From our files, March 3

Published 6:42 am Saturday, March 3, 2018

100 YEARS AGO — 1918

The magnificent new high school building in Danville was occupied last Monday for the first time and the teachers and pupils are pleased with their new quarters. Prof. Carnagey, superintendent of the new city school said the following inscription in bronze letters will be placed over the central arch on the north side: “Danville’s Gift to Her Boys and Girls.”

Mr. H.B. Minor, who bought the old home belonging to his father, the late C.P. “Boss” Minor, lying on Wards’ Branch in the West End of Boyle County, has awarded the contract to James Minor, of Shelby City, to raze the old building and erect on the same site a two-story modern frame residence. The home being torn away was built over 100 years ago. It was built of logs and in later years, weather-boarded. The house had a frontage of 50 feet. The sills were large, yellow poplar logs, put together with wooden pins and are perfectly sound now, having been supported with a stone foundation. The sills are of such high quality that Mr. Minor will haul them to a saw mill and will have them converted into finishing lumber to be used in the erection of his new home.

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Claude West, son of Mr. and Mrs. R. West, formerly of Junction City writes to his mother and everyone: I have just received my box and it sure was some box. … The first thing I took from the box was Ruth’s box of candy… The second thing was my handkerchiefs, then came my watch, and I did let out one “Injun yell.” Next was my sweater and wristlets. I got one from the Red Cross, a grey one, but it was nothing like as heavy as yours and I could not wear on the outside because it was not the olive drab… Tell Pop he sure had the right idea when he sent that magazine for that is the third one in our camp… Mama, please write me, all of you, as often as you can and tell me how you are as I don’t get any mail hardly and everything you see is French.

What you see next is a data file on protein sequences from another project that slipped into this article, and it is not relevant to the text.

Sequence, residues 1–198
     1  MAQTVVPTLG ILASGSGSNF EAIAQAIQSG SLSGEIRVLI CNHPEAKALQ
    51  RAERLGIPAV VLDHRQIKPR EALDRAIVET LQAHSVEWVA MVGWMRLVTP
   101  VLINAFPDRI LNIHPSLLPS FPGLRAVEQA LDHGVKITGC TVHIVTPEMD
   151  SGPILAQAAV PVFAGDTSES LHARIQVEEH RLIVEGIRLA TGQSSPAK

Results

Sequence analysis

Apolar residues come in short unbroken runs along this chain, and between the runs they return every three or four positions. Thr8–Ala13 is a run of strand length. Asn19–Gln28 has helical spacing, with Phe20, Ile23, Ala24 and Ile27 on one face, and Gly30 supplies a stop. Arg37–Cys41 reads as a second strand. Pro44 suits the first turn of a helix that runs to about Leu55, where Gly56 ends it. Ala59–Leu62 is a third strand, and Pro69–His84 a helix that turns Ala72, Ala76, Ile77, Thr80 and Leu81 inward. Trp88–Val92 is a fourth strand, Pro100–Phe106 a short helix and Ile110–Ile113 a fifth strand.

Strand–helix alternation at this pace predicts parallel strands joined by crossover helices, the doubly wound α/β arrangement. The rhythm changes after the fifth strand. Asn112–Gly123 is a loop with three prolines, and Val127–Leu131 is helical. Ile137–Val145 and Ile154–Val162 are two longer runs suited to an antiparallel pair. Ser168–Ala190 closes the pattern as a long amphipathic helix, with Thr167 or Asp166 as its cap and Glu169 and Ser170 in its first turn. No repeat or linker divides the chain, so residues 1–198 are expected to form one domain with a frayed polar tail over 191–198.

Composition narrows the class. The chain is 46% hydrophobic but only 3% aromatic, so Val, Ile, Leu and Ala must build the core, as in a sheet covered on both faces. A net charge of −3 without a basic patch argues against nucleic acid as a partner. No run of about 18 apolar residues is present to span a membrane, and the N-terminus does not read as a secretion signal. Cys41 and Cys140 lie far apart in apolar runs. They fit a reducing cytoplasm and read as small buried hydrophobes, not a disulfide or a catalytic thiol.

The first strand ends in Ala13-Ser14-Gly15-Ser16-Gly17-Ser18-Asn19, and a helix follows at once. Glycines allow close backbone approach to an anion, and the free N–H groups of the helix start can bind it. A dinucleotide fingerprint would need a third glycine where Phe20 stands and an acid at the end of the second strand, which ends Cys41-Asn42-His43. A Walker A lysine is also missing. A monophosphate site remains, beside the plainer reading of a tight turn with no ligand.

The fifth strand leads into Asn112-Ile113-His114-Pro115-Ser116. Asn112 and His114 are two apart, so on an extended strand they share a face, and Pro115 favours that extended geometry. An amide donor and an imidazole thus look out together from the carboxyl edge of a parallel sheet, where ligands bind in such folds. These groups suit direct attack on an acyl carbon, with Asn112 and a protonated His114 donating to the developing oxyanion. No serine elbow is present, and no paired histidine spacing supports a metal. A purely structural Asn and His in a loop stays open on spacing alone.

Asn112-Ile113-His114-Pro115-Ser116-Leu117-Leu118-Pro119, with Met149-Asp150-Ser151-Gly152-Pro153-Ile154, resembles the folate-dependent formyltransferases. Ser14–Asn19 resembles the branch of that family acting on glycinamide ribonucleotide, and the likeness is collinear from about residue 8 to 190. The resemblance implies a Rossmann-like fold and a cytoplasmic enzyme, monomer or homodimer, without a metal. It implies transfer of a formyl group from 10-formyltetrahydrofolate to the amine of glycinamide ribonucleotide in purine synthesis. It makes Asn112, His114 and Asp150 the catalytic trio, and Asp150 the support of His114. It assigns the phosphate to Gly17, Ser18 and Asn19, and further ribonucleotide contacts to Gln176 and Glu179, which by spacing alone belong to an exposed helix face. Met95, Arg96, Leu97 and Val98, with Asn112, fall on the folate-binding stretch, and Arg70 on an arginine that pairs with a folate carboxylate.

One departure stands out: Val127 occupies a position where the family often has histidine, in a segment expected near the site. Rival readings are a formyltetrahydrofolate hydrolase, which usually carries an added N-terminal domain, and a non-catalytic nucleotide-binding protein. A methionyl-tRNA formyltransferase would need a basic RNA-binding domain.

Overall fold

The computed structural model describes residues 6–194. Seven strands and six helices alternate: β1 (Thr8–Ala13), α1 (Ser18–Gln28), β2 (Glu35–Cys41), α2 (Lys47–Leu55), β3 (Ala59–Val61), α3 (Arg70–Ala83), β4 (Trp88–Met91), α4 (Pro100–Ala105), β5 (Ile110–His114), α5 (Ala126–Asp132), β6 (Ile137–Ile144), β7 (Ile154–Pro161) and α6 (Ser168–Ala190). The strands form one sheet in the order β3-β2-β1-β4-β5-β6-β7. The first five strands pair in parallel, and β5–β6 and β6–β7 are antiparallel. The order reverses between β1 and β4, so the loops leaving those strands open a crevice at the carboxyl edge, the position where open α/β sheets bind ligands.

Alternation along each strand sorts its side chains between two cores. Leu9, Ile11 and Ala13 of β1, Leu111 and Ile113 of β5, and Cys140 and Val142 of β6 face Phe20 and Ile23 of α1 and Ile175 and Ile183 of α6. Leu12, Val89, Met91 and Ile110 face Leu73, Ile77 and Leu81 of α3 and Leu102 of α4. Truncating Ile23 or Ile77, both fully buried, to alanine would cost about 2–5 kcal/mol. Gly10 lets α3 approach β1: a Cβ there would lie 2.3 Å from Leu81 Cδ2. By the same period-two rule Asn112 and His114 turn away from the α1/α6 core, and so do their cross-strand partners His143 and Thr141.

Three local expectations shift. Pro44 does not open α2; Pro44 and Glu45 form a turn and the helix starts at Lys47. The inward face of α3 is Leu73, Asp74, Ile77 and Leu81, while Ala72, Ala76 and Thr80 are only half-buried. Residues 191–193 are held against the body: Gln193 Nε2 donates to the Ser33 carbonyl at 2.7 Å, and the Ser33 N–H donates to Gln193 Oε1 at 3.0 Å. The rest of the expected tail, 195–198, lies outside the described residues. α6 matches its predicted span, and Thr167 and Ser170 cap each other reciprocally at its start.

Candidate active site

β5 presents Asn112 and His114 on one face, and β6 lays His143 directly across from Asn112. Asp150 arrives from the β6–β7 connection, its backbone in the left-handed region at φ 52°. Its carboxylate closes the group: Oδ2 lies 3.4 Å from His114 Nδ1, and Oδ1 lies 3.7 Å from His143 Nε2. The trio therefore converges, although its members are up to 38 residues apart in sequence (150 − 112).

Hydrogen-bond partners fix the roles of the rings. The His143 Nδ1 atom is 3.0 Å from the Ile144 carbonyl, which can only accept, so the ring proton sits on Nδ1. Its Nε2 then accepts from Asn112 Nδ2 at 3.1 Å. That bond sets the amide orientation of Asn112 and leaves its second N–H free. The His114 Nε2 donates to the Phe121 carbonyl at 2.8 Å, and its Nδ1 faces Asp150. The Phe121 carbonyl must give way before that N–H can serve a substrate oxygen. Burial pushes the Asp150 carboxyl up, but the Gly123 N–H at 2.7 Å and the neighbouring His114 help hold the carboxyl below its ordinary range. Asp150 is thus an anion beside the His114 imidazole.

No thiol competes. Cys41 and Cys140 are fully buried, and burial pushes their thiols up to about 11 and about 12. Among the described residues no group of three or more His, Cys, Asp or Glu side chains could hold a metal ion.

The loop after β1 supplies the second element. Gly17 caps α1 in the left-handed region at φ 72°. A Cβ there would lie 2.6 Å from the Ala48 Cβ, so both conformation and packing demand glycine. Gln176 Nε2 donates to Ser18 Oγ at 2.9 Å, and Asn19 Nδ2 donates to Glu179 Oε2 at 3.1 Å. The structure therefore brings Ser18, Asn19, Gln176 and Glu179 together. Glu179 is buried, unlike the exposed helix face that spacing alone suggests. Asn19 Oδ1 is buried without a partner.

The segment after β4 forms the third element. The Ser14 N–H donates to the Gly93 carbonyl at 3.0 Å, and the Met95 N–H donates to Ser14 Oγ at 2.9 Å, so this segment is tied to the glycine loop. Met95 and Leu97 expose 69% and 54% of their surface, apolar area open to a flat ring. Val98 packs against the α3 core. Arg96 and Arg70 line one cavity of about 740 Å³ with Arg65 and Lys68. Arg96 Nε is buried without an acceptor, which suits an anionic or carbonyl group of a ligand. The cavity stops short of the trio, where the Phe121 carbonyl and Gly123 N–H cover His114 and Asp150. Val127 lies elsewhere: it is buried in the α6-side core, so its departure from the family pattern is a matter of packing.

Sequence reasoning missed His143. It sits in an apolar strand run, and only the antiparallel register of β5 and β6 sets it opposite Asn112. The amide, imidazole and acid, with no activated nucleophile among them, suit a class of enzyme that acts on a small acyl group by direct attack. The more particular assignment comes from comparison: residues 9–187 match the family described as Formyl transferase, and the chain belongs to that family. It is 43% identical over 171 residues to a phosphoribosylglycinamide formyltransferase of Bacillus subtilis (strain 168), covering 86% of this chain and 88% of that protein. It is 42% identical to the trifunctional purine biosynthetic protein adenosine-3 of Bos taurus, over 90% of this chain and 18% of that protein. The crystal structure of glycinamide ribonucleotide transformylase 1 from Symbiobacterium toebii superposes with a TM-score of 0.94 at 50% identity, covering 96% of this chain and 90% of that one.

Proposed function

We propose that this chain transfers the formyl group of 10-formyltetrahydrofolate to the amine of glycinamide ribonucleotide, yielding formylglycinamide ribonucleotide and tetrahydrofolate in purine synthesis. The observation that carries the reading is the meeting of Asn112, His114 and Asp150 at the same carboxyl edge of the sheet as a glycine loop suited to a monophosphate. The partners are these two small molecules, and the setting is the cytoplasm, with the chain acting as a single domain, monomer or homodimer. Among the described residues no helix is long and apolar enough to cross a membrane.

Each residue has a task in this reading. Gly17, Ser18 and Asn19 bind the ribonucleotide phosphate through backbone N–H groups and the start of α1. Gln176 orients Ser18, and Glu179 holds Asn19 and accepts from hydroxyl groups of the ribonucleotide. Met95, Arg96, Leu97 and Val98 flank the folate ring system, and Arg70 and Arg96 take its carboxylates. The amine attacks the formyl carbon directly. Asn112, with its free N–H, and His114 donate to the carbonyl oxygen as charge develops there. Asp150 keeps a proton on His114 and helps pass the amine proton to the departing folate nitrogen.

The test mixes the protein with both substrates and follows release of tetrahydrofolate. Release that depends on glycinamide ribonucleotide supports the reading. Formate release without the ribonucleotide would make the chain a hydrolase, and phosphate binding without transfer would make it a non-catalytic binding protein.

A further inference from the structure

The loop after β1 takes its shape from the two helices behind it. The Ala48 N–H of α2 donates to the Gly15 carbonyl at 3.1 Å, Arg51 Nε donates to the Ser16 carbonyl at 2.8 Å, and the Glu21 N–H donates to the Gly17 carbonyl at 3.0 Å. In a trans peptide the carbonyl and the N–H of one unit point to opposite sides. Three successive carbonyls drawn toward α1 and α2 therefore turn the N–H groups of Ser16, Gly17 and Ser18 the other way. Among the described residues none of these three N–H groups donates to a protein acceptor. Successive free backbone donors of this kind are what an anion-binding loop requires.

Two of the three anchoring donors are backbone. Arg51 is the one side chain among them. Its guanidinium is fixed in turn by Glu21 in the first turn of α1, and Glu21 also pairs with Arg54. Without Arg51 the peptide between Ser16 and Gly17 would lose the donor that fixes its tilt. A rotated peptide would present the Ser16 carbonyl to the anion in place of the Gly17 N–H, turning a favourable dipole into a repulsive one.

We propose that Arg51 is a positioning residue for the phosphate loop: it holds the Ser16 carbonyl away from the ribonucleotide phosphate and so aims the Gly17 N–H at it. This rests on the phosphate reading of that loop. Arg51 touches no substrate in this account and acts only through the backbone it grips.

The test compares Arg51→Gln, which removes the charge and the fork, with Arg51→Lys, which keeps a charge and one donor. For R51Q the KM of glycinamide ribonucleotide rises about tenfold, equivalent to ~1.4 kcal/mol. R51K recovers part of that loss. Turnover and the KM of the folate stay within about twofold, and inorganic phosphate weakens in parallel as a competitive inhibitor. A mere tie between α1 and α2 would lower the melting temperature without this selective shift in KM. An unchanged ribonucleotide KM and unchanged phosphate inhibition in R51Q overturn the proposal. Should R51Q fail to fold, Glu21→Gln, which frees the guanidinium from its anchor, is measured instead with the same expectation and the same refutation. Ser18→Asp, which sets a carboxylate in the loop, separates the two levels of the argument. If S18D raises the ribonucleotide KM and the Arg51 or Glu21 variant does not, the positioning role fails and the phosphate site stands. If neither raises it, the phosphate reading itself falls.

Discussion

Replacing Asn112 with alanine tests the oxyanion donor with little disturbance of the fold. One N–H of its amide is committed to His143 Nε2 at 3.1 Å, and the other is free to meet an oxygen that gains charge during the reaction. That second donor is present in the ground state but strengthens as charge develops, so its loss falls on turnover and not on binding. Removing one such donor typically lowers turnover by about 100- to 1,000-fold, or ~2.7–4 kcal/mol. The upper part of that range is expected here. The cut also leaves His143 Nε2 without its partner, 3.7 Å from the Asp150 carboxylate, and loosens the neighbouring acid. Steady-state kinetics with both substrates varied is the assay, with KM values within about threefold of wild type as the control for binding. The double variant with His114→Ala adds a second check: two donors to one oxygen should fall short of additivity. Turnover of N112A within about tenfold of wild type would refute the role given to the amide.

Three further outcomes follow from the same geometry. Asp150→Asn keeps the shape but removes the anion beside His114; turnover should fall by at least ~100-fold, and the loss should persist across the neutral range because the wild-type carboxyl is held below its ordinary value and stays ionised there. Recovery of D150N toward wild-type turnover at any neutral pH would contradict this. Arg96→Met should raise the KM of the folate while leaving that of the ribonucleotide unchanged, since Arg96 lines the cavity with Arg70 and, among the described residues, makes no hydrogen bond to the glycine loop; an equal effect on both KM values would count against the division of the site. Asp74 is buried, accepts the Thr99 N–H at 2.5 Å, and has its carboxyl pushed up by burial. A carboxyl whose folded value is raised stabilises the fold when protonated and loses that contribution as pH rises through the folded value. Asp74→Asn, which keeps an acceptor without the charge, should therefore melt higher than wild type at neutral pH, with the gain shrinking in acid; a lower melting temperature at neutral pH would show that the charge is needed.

Perryville news: Jim Guthrie purchased a new Ford car: The many friends of Burton and Genelle Wayne will be sorry to know they have both been sick:

75 YEARS AGO — 1943

A.J. Hendron purchased the 233-acre farm of Walter Reed, located about seven miles west of Danville, also livestock, feed and farm equipment.

Lieutenant Eugene McCowan, who was recently promoted to the rank of first Lieutenant, spent two days with his parents, Mr. and Mrs. A. McCowan in Danville. Lieut. McCowan has been stationed at one of the largest air bases which fly “Flying Fortresses.” He has been instructing combat crews on the B-17 for almost six months. On graduation in 1939 from Danville High School where he was a star basketball player, Lieut. McCowan was named to the school’s Hall of Fame.

Lieut. Roger Newberry, eldest son of Mrs. William Newberry of Cleveland and nephew of Mrs. John S. VanWinkle of Danville, has been reported missing in action. The young aviator has been at the front in Tunisia since the first contingent of the American troops arrived there last fall.

The meeting of members of Danville Chamber of Commerce on March 16 will mark the 24th birthday of this organization. This group has functioned consistently since its founding in 1919 and has never finished a year with a deflict. This is a record for a business organization in a small city.